Slices of Japanese business, politics and life
from Photographers' Blog:
Approximately one and a half million unwanted dogs have been put to death in public animal management centers across Japan in the last ten years.
It was a very surprising figure for me as I had only been covering Japan’s colorful and luxurious pet boom, so I decided to shed some light on the dark side of the industry.
(View the full text story here)
After more than a year of seeking permission, I was finally given the go-ahead to shoot an animal management center in Tokushima and I went on a 745 mile (1,200 km) long journey from Tokyo with my DSRL camera for shooting still and video.
After 8 hours of traveling by car and train, I arrived at the town where I would have two opportunities to witness the euthanasia treatment for unwanted dogs. It became one of the saddest assignments of my life.
If Japan is struggling to shake off a recession, then clearly nobody has told Tokyo’s party people as dance floors heave and thud to techno-house raves at the city’s clubs.
With summer gone and the nights drawing in, DJ events continue to pack in club-goers, like those of events organiser Phonika, which hosts outdoor parties around a rooftop pool in Tokyo.
James Dean smouldered in his, the Marlboro men looked rugged in theirs, and now me and hordes of other Japanese people can feel frugal in ours. Jeans — practical, durable and with just a hint of rebelliousness — are at the centre of a price war in Japan, as struggling retailers look to lure cash-strapped customers back through their doors.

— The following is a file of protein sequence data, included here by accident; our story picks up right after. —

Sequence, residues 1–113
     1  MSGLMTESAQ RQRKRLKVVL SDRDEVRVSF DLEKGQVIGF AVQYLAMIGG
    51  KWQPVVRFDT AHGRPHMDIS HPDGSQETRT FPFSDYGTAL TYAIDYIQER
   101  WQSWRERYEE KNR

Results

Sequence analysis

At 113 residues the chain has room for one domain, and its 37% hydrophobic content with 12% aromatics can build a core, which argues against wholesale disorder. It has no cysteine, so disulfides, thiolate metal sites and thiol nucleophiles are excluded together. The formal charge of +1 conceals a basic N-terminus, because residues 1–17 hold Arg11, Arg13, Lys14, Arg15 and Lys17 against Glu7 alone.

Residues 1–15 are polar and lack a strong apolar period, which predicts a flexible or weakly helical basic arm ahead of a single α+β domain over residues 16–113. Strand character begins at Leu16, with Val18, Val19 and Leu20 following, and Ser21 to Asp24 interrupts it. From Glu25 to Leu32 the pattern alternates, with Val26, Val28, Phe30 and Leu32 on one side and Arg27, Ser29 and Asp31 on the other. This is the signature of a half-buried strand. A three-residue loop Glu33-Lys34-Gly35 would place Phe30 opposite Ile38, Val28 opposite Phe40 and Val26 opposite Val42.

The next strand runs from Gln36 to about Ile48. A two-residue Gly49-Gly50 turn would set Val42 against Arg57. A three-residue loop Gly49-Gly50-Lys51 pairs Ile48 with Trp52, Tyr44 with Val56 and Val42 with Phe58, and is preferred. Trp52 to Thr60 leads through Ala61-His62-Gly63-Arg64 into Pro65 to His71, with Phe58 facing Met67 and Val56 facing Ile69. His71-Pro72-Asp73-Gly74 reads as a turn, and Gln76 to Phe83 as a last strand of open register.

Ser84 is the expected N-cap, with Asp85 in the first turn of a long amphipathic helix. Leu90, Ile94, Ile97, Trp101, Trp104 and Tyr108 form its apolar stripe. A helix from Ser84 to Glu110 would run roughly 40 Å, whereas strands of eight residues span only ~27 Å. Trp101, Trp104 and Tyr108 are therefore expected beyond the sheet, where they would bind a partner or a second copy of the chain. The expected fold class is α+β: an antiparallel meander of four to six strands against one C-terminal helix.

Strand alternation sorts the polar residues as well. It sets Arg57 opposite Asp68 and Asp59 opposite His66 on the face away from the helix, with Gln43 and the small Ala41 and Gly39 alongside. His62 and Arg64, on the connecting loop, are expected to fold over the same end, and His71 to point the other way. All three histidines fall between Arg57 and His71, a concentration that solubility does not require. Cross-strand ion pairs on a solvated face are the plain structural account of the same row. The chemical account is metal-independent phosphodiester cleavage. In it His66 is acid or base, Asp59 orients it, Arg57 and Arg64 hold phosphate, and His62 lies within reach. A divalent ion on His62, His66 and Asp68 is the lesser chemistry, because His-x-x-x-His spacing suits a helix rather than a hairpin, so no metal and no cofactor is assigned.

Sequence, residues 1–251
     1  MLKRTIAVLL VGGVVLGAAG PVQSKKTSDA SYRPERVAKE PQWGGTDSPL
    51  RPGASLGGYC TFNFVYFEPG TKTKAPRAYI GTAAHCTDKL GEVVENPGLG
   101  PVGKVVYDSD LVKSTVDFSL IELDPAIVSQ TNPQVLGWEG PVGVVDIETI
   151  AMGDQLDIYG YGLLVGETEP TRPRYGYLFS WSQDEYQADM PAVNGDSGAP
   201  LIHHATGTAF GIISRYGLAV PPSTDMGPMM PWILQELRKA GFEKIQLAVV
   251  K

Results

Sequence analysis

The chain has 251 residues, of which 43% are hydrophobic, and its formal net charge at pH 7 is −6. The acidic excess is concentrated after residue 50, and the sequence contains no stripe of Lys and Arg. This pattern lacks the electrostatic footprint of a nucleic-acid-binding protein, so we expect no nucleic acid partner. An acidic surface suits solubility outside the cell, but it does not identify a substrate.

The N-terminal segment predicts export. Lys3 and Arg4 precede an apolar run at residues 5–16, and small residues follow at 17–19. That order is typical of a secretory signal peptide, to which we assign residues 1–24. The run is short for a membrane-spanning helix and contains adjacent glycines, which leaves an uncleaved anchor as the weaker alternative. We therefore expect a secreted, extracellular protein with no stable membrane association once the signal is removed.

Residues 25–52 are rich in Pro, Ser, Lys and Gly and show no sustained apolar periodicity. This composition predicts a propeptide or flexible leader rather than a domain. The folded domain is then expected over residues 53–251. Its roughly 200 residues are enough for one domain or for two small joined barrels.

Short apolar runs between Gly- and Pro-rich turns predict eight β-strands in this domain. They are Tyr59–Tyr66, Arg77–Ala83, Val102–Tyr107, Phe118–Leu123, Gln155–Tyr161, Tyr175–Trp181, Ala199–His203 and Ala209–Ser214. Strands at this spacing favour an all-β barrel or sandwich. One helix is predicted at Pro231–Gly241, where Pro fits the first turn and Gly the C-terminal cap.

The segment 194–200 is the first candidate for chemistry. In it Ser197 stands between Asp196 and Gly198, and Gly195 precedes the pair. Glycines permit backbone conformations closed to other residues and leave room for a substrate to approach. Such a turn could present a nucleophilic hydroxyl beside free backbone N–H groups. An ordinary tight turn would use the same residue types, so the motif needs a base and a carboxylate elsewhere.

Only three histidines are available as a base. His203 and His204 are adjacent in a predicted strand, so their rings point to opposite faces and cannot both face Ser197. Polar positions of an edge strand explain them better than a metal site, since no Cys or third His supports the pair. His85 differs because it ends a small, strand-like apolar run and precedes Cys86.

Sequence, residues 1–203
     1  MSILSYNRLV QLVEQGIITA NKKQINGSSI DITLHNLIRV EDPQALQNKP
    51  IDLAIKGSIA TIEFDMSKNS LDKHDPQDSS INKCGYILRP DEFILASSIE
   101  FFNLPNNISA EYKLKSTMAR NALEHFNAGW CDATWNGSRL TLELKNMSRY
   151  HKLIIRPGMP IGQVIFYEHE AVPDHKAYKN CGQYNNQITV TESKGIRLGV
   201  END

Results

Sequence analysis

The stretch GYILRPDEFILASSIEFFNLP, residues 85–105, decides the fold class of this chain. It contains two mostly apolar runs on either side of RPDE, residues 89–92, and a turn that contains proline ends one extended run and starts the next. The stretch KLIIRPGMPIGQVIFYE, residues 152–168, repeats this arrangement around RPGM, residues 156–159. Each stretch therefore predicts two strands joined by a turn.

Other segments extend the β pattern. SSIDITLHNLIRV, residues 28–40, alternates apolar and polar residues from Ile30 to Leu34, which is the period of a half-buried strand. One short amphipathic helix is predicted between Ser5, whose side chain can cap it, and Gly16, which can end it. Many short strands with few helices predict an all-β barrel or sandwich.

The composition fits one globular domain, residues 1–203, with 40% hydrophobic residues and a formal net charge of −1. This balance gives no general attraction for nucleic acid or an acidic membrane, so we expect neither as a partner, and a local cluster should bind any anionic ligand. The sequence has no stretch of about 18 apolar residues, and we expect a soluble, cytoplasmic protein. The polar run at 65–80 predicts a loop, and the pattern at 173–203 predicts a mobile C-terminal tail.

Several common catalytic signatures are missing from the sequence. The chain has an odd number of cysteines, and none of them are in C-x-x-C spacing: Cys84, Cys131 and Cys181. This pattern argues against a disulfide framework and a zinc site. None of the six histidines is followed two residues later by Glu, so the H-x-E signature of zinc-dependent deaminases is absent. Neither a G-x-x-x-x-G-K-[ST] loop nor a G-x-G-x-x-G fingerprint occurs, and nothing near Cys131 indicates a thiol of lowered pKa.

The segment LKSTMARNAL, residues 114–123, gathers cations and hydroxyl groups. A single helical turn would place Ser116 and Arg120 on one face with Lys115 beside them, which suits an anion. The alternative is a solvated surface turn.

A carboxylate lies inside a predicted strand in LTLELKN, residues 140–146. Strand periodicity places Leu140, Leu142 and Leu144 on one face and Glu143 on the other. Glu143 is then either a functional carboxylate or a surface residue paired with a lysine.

With the country slipping deeper into deflation and its jobless rate rising, shops have for some time been marking down almost everything from bags of cereal, to laundry detergent and bicycles.
I am ordering vodka and Red Bull at $10 a pop at the bar of a posh Ginza club and a woman dressed as a nurse carrying a silver tray full of syringes taps me on the shoulder.
“Open your mouth!” she says with a wink.
“OK then.” And she squirts some strawberry-flavoured cocktail down my throat.
She appeared naked on the runway with a body that will never succumb to age, but a new robot model’s first fashion outing at the Tokyo Fashion Week posed no threat to supermodel Naomi Campbell.
Monday’s appearance of the HRP-4C humanoid robot at a fashion show illustrated not only how far robots have come, but also how far they still have to go.
The Barbie event wasn’t like the typical press conferences I cover. The gathering to fete the iconic doll’s 50th birthday was full of women decked out in micro minis and spiked heels, with pink the dominant color – and Tokyo’s ubiquitous dark-suited salarymen nowhere in sight.
I felt a bit out of place in my navy business suit among all the fashonista public-relations reps and their “cho kawaii” (“super cute”) outfits designed for the Barbie clothing line for adults.
The world’s No.2 economy, mired in what may be its longest and ugliest recession, is not wearing its misfortunes on its sleeve — at least not literally.